Vietnam is “not an electoral democracy.” The Communist Party of Vietnam, or CPV, has a monopoly of power and prohibits other political parties from forming.
“The law provides for freedom of speech and of the press; however, the government significantly restricted these freedoms, particularly with respect to political speech and social commentary.” The CPV “tightly controls the media.” While the government has begun to allow reporting on corruption, many other topics are wholly out of bounds, and would merit jail time. Serious anti-defamation provisions, for example, protect the government from having to legally sanction criticism.
While constraints against religious freedom have eased in the past few years, there are still numerous restrictions. “All religious groups and most individual clergy members must join a party-controlled supervisory body. Religious groups must obtain permission to build or refurbish places of worship; run religious schools or do charitable work; hold conventions, training seminars, and special celebrations; and train, ordain, promote, or transfer clergy.”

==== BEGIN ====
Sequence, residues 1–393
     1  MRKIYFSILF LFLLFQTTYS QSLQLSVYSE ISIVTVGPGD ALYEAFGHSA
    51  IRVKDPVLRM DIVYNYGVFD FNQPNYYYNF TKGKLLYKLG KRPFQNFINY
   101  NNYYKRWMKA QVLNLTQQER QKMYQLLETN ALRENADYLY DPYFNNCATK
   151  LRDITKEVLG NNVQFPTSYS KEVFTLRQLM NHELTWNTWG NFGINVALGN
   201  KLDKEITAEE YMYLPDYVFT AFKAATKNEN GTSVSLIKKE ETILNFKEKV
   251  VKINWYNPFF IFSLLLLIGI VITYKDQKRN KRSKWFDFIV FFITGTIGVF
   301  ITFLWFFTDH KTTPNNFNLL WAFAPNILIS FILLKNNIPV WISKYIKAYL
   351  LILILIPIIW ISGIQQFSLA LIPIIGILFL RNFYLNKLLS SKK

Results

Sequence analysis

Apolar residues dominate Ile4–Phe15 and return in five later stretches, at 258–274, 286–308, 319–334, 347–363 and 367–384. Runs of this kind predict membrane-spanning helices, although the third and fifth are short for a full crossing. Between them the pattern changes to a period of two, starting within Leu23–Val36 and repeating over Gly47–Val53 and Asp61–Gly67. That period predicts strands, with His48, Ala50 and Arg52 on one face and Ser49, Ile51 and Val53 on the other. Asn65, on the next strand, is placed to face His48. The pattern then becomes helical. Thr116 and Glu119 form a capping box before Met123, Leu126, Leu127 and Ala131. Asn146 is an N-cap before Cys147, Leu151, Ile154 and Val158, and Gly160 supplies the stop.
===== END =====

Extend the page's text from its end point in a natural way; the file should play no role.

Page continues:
Vietnamese do not enjoy full academic freedom. Professors are not free to criticize the government or its policies. Pham Que Duong, then a 73-year-old military historian, received a 19 month jail sentence for in 2004 for the “abuse of democratic freedom and rights” (of which he only served 1 month). Pham was protesting the graft in the government by means of a petition.
The literacy rate in Vietnam is currently 90.3%.
Government Granted “Rights of Age”
However little their vote accomplishes, Vietnamese can put a name on a ballot when they turn 18.
Vietnam has no minimum drinking age.
The age of consent for lesbian, homosexual, and heterosexual consent in Vietnam is 18.
Upon turning 18, males must serve 2 years in the army. This time period is extended to 3-4 if the conscript choses to work in the Vietnamese Navy.
The Vietnamese population under 18 is 30,496,000, 35% of the country’s total population.